Remember, stress builds up. If you’re not releasing the tension throughout the day, you’re simply building the tension throughout the day.

2. Master Your Transitions

Carrying stress from your previous activities is the beginning of your demise.

Bathe. Commute. Work. Email. Socialize. Commute. Family time. Dinner. Side hustle.

How many transitions do you have in your schedule? In between those periods is where what I call ‘do or die transitions’ lie.

To be more effective, we need to have the ability to glide in and glide out from our tasks to take a break and set an intention for the next task.

If we don’t master these transitions that occur in between our tasks, we’re going to drag the stress from the previous activity to the next — chaos!

One of the best things I did in my life is following my 50/10 productivity rule every day: work for 50 minutes, take a 10-minute break.

And the days when I feel everything is all over the place are when I don’t take an hourly break.

For years, research supports that taking breaks throughout the day at the workplace leads to high levels of positive emotions and productivity.

To be specific, after working for 45–60 minutes, take a break.

It doesn’t matter if you’re in the flow state and getting lots of ideas as you write an article. When the alarm rings, get up, breathe and stretch.

Before going back to work, close your eyes, release the mental and physical stress from the previous activity, and start working again.

3. Seek People Support

When you’re overcommitted, you can’t overdeliver.

People lose their sanity because they do all the work and overcommit.

But we all know the greatest achievers and producers of this world have a Team of Picassos (using Robin Sharma’s words).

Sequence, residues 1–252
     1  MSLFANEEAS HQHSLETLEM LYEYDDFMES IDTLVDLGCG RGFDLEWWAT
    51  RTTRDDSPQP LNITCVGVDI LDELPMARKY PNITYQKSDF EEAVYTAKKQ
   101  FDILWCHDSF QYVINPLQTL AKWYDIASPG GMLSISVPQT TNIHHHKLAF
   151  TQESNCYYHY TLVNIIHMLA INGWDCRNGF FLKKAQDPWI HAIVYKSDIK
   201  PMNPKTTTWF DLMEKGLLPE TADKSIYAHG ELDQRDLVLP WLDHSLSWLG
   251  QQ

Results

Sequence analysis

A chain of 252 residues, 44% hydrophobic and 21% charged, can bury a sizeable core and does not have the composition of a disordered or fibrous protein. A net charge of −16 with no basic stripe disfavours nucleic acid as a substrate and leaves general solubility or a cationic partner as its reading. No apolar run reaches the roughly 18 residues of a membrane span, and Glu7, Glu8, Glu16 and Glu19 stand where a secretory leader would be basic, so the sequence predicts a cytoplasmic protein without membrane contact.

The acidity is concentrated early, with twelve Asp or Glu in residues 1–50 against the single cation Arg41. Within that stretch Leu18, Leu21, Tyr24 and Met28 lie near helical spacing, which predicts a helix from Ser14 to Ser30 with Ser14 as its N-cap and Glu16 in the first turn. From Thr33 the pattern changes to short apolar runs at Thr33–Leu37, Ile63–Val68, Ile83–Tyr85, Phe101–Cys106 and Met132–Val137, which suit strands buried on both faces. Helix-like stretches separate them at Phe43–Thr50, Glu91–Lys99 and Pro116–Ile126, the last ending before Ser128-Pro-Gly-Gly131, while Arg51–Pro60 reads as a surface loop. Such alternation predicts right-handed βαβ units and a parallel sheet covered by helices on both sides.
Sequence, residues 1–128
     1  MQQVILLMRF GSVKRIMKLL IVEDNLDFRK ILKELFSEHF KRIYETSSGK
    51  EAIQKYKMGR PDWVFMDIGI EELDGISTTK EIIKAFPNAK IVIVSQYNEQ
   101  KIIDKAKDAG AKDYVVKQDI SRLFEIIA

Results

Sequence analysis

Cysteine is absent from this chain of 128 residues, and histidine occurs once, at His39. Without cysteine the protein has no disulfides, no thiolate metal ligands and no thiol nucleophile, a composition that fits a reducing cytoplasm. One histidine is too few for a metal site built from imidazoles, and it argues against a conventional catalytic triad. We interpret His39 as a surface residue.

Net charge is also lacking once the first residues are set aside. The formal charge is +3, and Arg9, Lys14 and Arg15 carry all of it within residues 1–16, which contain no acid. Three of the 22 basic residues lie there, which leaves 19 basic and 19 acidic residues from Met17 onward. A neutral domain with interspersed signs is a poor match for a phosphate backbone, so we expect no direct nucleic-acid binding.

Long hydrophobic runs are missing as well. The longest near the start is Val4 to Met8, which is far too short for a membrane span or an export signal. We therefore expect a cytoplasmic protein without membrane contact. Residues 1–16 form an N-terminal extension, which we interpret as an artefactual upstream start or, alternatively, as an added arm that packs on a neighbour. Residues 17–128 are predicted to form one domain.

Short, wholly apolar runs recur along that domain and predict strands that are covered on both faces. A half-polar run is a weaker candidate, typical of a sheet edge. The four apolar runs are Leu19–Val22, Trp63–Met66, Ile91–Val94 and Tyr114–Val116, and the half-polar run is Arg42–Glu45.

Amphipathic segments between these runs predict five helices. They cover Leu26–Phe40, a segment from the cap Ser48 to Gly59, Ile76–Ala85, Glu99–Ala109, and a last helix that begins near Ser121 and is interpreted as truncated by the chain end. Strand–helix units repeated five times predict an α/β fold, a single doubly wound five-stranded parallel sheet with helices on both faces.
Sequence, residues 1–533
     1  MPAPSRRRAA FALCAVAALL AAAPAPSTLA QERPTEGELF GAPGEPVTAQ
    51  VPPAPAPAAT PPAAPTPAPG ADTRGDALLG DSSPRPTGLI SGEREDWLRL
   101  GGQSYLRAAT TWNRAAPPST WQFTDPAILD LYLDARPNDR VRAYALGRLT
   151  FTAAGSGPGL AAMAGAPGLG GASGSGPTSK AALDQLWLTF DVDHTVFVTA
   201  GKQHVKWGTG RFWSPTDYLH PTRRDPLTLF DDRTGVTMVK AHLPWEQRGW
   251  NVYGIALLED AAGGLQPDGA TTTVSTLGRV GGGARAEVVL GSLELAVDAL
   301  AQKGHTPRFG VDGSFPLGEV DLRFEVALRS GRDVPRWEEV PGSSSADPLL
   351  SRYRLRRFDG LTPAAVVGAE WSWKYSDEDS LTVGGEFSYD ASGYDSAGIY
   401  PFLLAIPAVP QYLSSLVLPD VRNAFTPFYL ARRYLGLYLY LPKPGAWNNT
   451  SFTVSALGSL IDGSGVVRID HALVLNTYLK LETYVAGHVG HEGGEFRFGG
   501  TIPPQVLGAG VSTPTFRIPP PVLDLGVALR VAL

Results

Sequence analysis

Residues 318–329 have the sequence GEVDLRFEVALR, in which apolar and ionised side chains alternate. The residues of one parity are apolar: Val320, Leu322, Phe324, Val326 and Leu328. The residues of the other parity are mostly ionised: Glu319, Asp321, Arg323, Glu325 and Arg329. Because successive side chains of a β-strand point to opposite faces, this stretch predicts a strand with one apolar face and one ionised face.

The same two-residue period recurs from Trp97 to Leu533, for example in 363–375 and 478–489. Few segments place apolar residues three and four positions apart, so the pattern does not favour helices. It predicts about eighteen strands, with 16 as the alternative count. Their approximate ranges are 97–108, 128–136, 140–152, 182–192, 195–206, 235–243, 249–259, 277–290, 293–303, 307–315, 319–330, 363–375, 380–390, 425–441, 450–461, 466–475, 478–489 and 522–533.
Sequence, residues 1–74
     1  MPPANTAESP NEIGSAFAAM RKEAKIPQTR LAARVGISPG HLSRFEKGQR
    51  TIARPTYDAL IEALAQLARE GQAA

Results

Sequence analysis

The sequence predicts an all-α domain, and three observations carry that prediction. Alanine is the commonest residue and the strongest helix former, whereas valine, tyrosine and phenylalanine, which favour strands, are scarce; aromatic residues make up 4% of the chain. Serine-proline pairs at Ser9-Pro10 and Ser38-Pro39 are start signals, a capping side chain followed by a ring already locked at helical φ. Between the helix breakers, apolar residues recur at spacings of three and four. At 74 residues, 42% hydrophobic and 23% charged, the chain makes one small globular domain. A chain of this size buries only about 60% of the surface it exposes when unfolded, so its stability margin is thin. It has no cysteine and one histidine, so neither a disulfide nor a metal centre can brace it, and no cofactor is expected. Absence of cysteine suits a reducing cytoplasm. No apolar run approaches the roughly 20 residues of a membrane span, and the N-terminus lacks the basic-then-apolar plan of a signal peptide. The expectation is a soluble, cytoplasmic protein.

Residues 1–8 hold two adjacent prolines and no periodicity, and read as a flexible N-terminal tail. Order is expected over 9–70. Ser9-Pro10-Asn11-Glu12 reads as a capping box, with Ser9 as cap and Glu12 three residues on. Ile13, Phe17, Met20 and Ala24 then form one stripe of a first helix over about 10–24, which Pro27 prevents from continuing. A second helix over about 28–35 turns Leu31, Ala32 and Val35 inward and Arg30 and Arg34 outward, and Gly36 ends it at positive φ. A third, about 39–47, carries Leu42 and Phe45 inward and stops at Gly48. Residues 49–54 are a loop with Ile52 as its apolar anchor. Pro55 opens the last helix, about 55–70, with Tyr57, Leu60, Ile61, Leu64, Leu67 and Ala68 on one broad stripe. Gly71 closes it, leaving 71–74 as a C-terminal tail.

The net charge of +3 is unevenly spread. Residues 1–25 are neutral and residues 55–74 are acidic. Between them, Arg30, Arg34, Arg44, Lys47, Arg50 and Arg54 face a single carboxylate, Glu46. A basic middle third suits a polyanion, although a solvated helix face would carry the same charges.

You know yourself more than anybody else. Do you need help with a task? Delegate it.

People lose their inner peace when they feel they have to do everything themselves.

You don’t need to do everything on your own. Hire a team if you need it.

In our Church, I always felt that I needed to do everything as one of the leaders: create the presentation, print documents, count the event attendees, message each of our members, etc.

I went nuts. I lost my sanity. However, because I’m a personal development geek, I dorked out on the topics of persuasion and influence.

It turns out that research proves people are more likely to say yes over three times if you ask them for help. It’s just that people think others will judge them from asking.

People underestimate others’ willingness to help them. But you can never just get to a place of a less stressful and more excellence-driven life if your plate is too full. Seek support.

Energy is more valuable than your intelligence

If you’re not releasing the physical and mental tension, mastering your transitions, and seeking people’s support, you will never ever have a sane life.

Don’t let the stress build up. Release it.

Don’t carry the stress from the previous activity to the next. Transition well.

Don’t feel like you have to do everything yourself. Seek support.

These are the 3 major practices that have helped me manage the daily stress every person in this world experience.

I hope this writing served your personal growth.

Thanks for reading.

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Writer | Social Media Manager | Binge-read all of my articles on better creativity, better focus, and better productivity here: https://bit.ly/3DMyz4q